Tyrod has joined a new terrible team in the Cleveland Browns, who have won just 1 game in the past 2 seasons. This team just used the number 1 overall draft pick on a confident young Heisman-trophy winning Quarterback, and they’ve done a decent job of assembling talent at the offensive skill player positions. David Njoku looks poised to have a big year at TE, Jarvis Landry has been out there blessin’ ’em in training camp, and Josh Gordon might play some football this year (and if he’s on the field playing his best football, he’s an ELITE talent). It is now or never for Tyrod Taylor.
With Baker Mayfield chomping at the bit to get into the game and prove himself, Tyrod cannot afford to make mistakes. He was drafted in 2011, and while it may not be the end of his career if he loses the starting job to Baker this season, it certainly could mean that he spends most of the rest of his career as a journeyman or a backup. I like Tyrod as a week 1 DFS play because I think we will see a sense of urgency we’ve never seen from him, and we’ll see the best version of him. He comes at a nice discount to let you fit some other key pieces in at other positions, and this game could really mean a lot for his season. This is definitely not a safe play, but he’s the low priced QB I like the most on this slate.
Interesting Storylines or Information
- Aaron Rodgers fractured his left clavicle on November 4, 2013. He missed the next 7 games but came back the next year to win his second NFL MVP award. Last year he fractured his right clavicle. Now he’s coming back, fresh off of signing a huge contract extension that once again makes him the highest paid player in the NFL. Is he going to win the MVP award again? Possibly so. I’m not going to be playing him (much) in DFS in week 1, and I haven’t targeted him in many season-long or Best Ball drafts, but he definitely has the potential to put up gargantuan numbers. I don’t particularly like the team he is playing with, offensively or defensively, but if there is a QB who is a “rising tide that lifts all boats” — it’s this guy.
- I try very, very hard not to let my passion for Clemson University create bias in my analysis and selection of fantasy sports plays. There are times, though, when I have to take a step back and say to myself: “Yes, this former South Carolina Gamecock is the best player to plug in here, you should play him.” or “No, Sammy Watkins is not going to catch 4 touchdown passes in his first game with the Chiefs.” — Being plugged into all of the Clemson message boards, though, and having lots of friends and sources with boots on the ground in that area, I do tend to have a generally deeper knowledge of former Clemson players than players from other schools. Before Deshaun Watson was drafted, Dabo Swinney said: “If they pass on Deshaun Watson, they’re passing on Michael Jordan.” That’s the highest of praise from a coach who knows Watson very well. I watched when he tore his left ACL back in 2014 against South Carolina. He went through surgery and recovered much more quickly than anticipated. When he was back on the field, it wasn’t just that he hadn’t lost a step. He seemed to be better. His carries actually went UP after he came back. He led us to the promised land on that surgically repaired robot knee!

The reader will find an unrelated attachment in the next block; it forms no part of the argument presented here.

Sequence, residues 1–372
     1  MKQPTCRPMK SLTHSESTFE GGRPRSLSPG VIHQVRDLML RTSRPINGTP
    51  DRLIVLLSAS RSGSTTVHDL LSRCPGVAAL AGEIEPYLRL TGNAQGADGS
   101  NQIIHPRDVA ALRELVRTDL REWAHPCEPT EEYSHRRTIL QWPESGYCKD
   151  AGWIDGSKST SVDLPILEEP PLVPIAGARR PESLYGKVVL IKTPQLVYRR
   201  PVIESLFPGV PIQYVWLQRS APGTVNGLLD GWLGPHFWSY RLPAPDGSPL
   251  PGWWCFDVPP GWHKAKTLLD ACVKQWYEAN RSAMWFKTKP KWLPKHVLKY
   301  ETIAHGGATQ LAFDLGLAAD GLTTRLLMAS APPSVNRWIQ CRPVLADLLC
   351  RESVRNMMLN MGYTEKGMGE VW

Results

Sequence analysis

He is a fantastic football player and a really great leader. His teammates buy in and I think he is going to be one of the best quarterbacks in the league for a long, long time. I’m not worried about his health – he’s going to be fine. And I will have him on a few teams for week 1. All of that being said, everyone in the world is grading Houston as the worst offensive line in the NFL. DeAndre Hopkins and the Clemson connection there is legitimately one of the best QB/WR combos in the league, but I worry about Fuller’s ability to stay on the field. Lamar Miller is serviceable, but not great. Ryan Griffin is not the world’s best safety blanket at Tight End. In my season-long and Best Ball leagues this year, so far I have zero shares of Deshaun Watson on my rosters. It is not because I don’t believe in him. I think he’s truly fantastic, but I think the hype train is dangerously close to coming off the rails. People are reaching way too far to get him, and leaving so much value at other positions on the board.